Kitchens are very strange places to work.
The workload is relentless, the pressure intense, your work colleagues and customers can be unforgiving, the rewards are reaped only after years of ‘paying your dues’ and a thank you from the chef is often way down the list of two-word send-offs. Yet, in many ways, kitchens are remarkably enlightened environments. You are never judged on your background, your race, religion, sexuality or your gender. All that matters is whether you can you hold down a service. Will you turn up, cover if someone’s sick, stay an extra hour because the pot-wash is in a muddle? These are criteria that mark your card. This has been the case in every kitchen I’ve ever been involved with - it really is a case of if you can do the job, you’re on the team.
So I’m not surprised to hear of divided reaction to the Female Chef of the Year award. There’s no doubt this year’s recipient is a worthy one: it’s the first time we’ve had a winner from the UK and Claire Smyth, who for years headed up the Gordon Ramsey flagship Hospital Road restaurant before opening her own place, Core, last year, is an extraordinary talent. The issue isn’t about the winner of the competition, it’s a question of whether we need the competition in the first place. One school of thought is that gender is irrelevant in the matter of cooking proficiency and therefore any competitions should be open to men and women. Others, however, believe that in an industry traditionally dominated by men, anything that draws attention to the opportunities for all within a commercial kitchen should be applauded.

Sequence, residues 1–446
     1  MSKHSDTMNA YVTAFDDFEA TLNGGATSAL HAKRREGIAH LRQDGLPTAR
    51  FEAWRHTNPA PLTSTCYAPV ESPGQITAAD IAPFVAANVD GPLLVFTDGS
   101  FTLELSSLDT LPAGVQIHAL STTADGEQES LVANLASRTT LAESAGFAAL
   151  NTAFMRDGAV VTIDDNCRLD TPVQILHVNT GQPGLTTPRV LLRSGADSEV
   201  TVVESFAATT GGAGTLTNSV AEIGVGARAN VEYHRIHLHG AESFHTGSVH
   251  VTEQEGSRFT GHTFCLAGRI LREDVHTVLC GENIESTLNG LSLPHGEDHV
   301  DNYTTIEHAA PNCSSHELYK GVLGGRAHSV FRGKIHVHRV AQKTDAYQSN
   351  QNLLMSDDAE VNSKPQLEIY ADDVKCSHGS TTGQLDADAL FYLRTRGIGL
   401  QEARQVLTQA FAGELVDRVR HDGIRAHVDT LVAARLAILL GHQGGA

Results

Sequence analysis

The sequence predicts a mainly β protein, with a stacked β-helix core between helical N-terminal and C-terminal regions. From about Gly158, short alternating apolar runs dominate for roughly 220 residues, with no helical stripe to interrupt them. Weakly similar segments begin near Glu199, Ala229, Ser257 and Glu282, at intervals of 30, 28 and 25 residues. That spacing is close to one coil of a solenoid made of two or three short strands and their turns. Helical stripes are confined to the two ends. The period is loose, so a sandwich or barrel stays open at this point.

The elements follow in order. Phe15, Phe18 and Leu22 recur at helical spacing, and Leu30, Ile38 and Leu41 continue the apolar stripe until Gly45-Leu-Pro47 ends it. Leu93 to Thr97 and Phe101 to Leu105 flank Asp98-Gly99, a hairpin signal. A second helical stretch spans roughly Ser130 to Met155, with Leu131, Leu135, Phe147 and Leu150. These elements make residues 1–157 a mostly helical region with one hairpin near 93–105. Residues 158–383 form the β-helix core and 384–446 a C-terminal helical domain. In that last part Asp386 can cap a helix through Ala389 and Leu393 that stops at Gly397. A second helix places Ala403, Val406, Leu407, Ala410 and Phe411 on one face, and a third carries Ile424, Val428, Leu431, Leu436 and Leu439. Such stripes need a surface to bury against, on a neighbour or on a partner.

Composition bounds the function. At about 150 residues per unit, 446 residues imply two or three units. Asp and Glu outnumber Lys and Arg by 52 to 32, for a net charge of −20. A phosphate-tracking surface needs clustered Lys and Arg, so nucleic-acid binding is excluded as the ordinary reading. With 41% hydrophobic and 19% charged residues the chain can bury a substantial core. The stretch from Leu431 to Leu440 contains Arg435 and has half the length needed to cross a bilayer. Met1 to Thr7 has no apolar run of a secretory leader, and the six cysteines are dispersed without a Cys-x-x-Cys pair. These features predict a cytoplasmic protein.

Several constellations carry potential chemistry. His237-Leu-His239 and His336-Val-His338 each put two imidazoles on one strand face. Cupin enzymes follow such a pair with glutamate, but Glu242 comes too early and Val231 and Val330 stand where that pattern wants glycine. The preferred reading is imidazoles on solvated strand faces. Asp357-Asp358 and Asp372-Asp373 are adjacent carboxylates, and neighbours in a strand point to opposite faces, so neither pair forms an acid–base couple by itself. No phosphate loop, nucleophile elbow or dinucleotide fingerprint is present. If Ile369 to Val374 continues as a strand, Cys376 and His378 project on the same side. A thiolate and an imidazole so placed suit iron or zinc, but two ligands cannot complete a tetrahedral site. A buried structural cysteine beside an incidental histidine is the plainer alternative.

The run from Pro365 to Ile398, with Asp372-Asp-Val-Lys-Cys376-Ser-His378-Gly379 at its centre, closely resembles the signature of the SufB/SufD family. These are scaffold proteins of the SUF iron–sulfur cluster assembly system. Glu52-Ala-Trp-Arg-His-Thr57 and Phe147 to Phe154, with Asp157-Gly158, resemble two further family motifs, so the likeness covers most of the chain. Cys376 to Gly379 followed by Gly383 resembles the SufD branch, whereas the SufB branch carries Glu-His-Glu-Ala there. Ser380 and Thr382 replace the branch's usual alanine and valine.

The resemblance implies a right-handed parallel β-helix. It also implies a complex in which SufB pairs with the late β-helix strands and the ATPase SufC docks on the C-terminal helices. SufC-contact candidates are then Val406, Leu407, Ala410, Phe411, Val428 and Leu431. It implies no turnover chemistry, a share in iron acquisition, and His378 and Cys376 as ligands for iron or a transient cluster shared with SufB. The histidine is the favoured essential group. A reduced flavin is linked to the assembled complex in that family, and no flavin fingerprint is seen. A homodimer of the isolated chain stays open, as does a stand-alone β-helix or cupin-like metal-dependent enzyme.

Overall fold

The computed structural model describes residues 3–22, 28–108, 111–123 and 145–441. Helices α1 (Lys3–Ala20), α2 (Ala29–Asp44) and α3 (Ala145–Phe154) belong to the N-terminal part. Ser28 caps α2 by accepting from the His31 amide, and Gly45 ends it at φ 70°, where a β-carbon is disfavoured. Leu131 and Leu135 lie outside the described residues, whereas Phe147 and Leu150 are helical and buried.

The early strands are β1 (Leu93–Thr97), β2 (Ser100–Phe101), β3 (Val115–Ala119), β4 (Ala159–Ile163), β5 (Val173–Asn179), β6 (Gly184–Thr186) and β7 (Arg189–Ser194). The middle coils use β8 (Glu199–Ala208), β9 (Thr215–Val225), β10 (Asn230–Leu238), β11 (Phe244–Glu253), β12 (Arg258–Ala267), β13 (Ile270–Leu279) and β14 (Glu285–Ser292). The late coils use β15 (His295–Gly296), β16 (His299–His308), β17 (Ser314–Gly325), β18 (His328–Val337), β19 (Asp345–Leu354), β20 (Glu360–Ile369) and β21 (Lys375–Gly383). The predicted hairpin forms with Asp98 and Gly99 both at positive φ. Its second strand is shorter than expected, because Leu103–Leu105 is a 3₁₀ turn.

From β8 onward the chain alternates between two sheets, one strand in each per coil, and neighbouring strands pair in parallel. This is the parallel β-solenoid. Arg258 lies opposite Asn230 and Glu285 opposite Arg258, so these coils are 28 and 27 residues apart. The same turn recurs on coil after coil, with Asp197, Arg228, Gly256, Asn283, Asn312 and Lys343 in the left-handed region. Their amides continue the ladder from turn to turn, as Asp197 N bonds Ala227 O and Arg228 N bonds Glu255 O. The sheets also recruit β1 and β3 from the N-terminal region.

In the not too distant past, many men have seen the kitchen as the place for women, we just didn’t want to pay them for it. We have five women in the kitchen at The Assembly House in a brigade of 11 and unusually, more than half of 24 waiting staff are men, including the legendary Jamie Gooda, who delivers all our weddings. Forget tradition on this occasion, it’s always been about who does the job best as far as I’m concerned.
More alarmingly, in the same week The Caterer, the industry’s must-read weekly, published the top 100 most influential people in the hospitality industry. Unluckily for some, 13 women made the list, with the top ranking at number 35 (alongside her husband): now that’s alarming.
The hotel and restaurant trade has always welcomed talented people with open arms, whoever they are and whatever they want to be. This trade is open for business pretty much 24/7: it’s an industry that can accommodate everyone, whatever their circumstances and which caters for everyone, whatever their circumstances.